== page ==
External pressures weren’t the only ones affecting Mormons living “the Principle”. Practicing polygamy wasn’t easy for any Mormon at any stage of their life cycles during the height of its practice. Within the church many Mormons, including Emma Smith, Joseph’s wife, opposed polygamy. Apostle Brigham Young remembers Emma being so angry with the 12 July revelation (Doctrine and Covenants 132) commanding plural marriage that she burned the document. William Law was so disillusioned with Smith after he learned that “the Prophet” was not only preaching but practicing plural marriage (he thought it adultery) that he exposed “the Practice” in his independent newspaper The Nauvoo Exponent precipitating a major crisis that would begin with Smith’s closing down of that newspaper and the destruction of its printing press and end in his death. [12]

Other members of the Church had different reactions. Some, like Apostle Orson Pratt, came gradually to accept it after much soul searching though his wife Sarah never did. Others left the Church because of it unable to square their more traditional Christian understandings of Mormonism with Smith’s ever more Judaic version of the faith. Many who remained in the Midwest after the Exodus westward, for example, and who later helped organize the Reorganized Church in Illinois and Missouri, never bought into the more Jewish elements of Smith’s restoration and continued to deny that the Prophet ever practiced polygamy for the rest of their lives, his wife Emma among them. [13]

Many studies of Mormon polygamy have focused on how many of the faithful practiced “the Principle”. Some analysts of Mormon polygamy have tended to downplay the importance and incidence of the practice of polygamy in the early Church arguing that very few of their forebears actually practiced “the Principle” in significant numbers. Noted Mormon historians Leonard Arrington and Davis Bitton, for instance, argue that the rates of the practice of “the Principle” among Mormons, even during the heyday of Mormon polygamy, was around 5% for Mormon men and 12% for Mormon women. This is hardly, they argue, something to write home about.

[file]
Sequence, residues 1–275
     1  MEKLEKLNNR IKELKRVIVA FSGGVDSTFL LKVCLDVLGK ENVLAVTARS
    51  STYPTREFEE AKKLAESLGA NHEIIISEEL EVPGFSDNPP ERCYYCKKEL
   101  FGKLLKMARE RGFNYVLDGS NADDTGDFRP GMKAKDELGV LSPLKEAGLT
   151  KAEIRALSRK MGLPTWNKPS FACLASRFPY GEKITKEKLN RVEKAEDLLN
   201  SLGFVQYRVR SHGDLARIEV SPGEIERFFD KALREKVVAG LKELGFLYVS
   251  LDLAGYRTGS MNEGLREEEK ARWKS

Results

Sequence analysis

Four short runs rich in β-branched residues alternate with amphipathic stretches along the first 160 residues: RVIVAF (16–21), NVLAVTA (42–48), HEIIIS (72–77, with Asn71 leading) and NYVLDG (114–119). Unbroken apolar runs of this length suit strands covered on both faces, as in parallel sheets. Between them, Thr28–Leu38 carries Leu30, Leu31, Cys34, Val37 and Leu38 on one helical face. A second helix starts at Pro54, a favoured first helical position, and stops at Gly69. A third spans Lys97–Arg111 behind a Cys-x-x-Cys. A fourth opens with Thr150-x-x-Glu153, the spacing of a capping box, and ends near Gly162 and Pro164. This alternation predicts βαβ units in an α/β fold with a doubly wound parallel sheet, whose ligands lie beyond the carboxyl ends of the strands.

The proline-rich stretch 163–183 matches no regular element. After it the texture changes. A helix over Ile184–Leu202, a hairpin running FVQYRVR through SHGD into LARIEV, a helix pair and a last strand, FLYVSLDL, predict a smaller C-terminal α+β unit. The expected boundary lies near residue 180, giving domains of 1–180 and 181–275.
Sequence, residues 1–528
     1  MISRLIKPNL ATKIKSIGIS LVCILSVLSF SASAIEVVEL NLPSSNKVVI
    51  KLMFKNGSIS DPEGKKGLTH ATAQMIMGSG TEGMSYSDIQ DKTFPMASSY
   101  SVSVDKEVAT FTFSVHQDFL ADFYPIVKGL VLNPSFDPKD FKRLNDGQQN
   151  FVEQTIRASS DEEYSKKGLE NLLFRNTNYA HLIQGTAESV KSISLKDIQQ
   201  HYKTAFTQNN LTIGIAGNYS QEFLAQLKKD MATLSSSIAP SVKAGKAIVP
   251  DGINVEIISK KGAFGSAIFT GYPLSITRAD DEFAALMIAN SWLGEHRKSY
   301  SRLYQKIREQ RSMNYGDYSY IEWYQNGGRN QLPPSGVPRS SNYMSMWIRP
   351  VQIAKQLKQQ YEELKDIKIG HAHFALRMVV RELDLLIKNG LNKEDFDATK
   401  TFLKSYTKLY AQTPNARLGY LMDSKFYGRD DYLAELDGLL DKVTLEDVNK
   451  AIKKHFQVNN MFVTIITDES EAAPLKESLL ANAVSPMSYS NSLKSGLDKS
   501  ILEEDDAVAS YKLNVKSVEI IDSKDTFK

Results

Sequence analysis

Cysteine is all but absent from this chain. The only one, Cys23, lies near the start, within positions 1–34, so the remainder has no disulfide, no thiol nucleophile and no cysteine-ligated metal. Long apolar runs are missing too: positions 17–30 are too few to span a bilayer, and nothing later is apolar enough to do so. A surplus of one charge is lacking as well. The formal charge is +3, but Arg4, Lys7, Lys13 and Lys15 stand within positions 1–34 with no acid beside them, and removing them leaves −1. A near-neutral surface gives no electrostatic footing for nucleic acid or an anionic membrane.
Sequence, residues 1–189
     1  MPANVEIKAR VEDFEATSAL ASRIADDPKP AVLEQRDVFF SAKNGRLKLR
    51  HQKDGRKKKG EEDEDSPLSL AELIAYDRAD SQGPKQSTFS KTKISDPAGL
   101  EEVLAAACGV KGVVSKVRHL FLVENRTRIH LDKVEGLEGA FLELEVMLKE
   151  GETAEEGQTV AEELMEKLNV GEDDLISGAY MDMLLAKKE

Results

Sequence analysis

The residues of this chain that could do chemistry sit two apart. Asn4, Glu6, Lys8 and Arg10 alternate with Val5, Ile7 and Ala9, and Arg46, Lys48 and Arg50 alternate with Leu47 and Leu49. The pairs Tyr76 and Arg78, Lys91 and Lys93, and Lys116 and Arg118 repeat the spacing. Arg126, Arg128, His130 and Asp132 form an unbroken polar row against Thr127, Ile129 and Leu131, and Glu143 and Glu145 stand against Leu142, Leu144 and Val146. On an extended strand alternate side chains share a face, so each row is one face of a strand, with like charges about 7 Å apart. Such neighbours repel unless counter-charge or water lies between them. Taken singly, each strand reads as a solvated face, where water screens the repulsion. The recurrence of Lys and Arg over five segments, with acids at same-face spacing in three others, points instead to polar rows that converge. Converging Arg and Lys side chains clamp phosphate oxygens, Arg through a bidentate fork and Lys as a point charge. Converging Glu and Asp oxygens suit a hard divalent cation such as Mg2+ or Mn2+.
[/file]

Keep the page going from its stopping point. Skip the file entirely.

Such a position, of course, strongly implies that the emphasis Mormon leaders placed on the practice of “the Principle” as part of God’s eternal plan paled in the face of economic and political realities and costs associated with polygamy, specifically the opposition it met from Americans in general and from politically powerful Americans in particular. [14]

Recent investigation of Mormon polygamy rates, however, have raised questions about Arrington and Bitton’s estimates of Mormon polygamy rates, however, foregrounding, in the process, the question of whether they underestimated the practice of polygamy among Latter-day Saints in the nineteenth century church as a result of the Mormon ideological climate in which they wrote, a post World War II ideological climate in which the Church, concerned with its image particularly in non Mormon circles, was de-emphasizing polygamy and even forcefully combating it. [15]

While Arrington and Bitton may have tried to shut the door on “the Principle” as ideology and practice they didn’t get the door closed entirely. Toward the end of their discussion of “the Principle”, in fact, they offered, almost as an afterthought, an intuition that further study would show that polygamy rates varied both historically and regionally among the Latter-day Saints. Rather ironically this contention would play an important role in opening the door to a revived study of Mormon polygamy among a host of “New Mormon” historians and social scientists in the 1960s, 1970s, 1980s, 1990s, and 2000s, who, using state of the art methodologies, began to reanalyze earlier data or probe heretofore untapped sources. In almost every instance these new studies led analysts to conclude that Arrington’s and Bitton’s estimates of Mormon polygamy rates were far too low. [16]